Symptoms of a retinal tear or detachment may include decreased vision, flashes of light, black spots or lines in the field of vision, and/or a curtain or veil coming across the field of vision. Treatment options depend on the severity of the tear or detachments as well as the location.
Uveitis is inflammation of the uvea, which is the middle layer of the eye’s surface, comprised of the iris, choroid, and ciliary body. Uveitis can be caused by a variety of factors: from a bacterial or viral infection, an eye injury, or an autoimmune disorder. Common symptoms of uveitis include light sensitivity, redness of the eye, and floaters, which are moving dark spots in your vision. If left untreated, it can cause vision loss. Treatment for uveitis includes the use of dark glasses or medication to dilate your pupil, allowing your iris to rest and heal; corticosteroid injections to decrease inflammation; or in the case of an infection, antibiotics or antiviral medication.
Retinitis Pigmentosa (RP)
Retinitis Pigmentosa (RP) is a rare, inherited retinal disease that can lead to vision loss. Over time, RP causes the breakdown of photoreceptor cells, which are responsible for capturing light. Because these cells help us to see, losing these cells leads to decreased vision. Symptoms commonly begin in childhood. Children with RP will often have difficulty getting around in the dark or take a noticeably long time to adjust to changes in lighting. As the condition progresses, people with RP lose more and more of their peripheral vision, causing tunnel vision. This restricted visual field can make bright lights uncomfortable and can cause patients to trip over objects easily or struggle with reading, driving, walking without assistance, or recognizing faces. While there is no cure for RP, Dr. Vance can recommend treatments to slow its progression.
Minimally Invasive Procedures:
MicroPulse Laser Therapy
MicroPulse Laser Therapy is effective with conditions such as retinal tears and complications from diabetic macular edema. This treatment uses a laser to seal the area around a retinal tear to prevent a retinal detachment. When treating diabetic macular edema, this treatment helps prevent recurrent swelling, helping to preserve vision.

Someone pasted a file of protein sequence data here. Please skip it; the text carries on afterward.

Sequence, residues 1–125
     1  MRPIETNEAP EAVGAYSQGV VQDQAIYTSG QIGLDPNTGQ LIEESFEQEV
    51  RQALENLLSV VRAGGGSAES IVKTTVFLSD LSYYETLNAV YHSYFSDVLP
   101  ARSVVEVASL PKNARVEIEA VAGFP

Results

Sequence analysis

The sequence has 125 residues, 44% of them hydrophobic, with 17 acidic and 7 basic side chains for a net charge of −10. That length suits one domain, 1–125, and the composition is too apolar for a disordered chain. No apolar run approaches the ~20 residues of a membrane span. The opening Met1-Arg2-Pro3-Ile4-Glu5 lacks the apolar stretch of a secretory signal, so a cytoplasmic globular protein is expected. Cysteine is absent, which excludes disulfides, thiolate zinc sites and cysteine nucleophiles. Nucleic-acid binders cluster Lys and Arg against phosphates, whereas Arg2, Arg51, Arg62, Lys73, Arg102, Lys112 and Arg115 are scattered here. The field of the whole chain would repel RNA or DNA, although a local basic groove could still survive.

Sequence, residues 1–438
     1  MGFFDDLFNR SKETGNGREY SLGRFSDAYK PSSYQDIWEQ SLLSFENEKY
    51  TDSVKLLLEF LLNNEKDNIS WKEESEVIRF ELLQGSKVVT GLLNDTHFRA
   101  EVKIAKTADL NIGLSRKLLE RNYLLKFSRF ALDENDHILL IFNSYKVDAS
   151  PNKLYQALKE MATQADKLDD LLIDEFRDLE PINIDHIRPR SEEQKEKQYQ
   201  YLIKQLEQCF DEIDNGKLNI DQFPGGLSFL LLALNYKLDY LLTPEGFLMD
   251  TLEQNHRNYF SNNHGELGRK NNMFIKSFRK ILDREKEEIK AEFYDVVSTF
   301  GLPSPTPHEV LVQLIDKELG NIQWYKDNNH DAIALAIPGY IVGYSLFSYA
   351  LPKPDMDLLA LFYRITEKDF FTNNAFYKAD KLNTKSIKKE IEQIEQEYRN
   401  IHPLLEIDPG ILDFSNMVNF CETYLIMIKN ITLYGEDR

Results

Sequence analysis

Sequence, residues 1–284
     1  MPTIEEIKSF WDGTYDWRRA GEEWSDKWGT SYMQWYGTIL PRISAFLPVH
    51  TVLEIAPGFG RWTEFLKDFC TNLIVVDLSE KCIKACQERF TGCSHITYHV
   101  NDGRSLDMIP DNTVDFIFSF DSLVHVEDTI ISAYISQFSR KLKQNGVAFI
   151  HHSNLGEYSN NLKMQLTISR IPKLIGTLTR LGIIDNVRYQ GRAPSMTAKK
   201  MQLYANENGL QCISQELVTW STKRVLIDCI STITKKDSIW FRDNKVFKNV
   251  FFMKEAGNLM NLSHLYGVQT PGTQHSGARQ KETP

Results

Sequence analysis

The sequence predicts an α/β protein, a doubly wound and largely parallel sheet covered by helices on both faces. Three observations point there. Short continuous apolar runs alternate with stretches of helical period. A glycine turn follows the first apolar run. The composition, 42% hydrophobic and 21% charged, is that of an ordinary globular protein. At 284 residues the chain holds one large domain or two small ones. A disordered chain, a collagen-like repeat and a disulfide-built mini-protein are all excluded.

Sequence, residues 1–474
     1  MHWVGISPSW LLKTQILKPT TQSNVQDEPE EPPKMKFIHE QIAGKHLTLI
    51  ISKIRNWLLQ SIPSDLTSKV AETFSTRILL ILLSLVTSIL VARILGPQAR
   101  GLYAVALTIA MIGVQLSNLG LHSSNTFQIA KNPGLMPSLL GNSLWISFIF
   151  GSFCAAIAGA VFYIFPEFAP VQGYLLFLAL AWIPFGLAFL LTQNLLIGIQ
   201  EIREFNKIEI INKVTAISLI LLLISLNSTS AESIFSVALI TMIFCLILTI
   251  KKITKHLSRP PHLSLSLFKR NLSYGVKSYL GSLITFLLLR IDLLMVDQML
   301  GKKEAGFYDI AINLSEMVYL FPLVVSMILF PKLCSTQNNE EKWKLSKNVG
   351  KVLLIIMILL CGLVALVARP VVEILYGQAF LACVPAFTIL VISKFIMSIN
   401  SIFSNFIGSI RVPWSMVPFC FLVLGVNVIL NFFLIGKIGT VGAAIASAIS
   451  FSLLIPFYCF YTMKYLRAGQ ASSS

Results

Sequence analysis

Argon Laser Photocoagulation
Argon Laser Photocoagulation can be used in people who have abnormal blood vessels commonly caused by retinal occlusions and diabetic retinopathy. This laser is applied to the peripheral retinal, shrinking the abnormal blood vessels and often prevents them from regrowing. This decreases the risk of blood vessels bleeding into the back of the eye causing further vision loss.
Pneumatic Retinopexy is a treatment option for certain types of retinal detachments. During the procedure a gas bubble is injected into the vitreous. As the gas bubble rises, it presses the retina back into place. The bubble is usually absorbed into the eye within 1 to 3 weeks.
Subtenon & Intravitreal Injections
Subtenon & Intravitreal Injections are common procedures used to slow or prevent progression of sight-threatening retinal conditions. It involves administering a medication into the vitreous, the jelly like structure that fills the middle of the eye. This allows the medication to be placed much closer to where the condition is occurring, while decreasing the risk of side effects. Two types of medications commonly used are Corticosteroids and Anti-VEGF drugs such as Avastin, Lucentis or Eyelea.
Once the eyes are dilated and examined, the actual procedure takes very little time. You will lie face up in a comfortable position and your eyes will be numbed with drops. Dr. Vance will then use a device to separate your eyelids and keep your eyes open. During the injection, you may feel some slight pressure on the eye, but you should not experience any pain. After the procedure, some patients may notice the appearance of floaters, but these usually disappear after several days. Depending on your condition, injections may be administered as frequently as every month to attain the best results.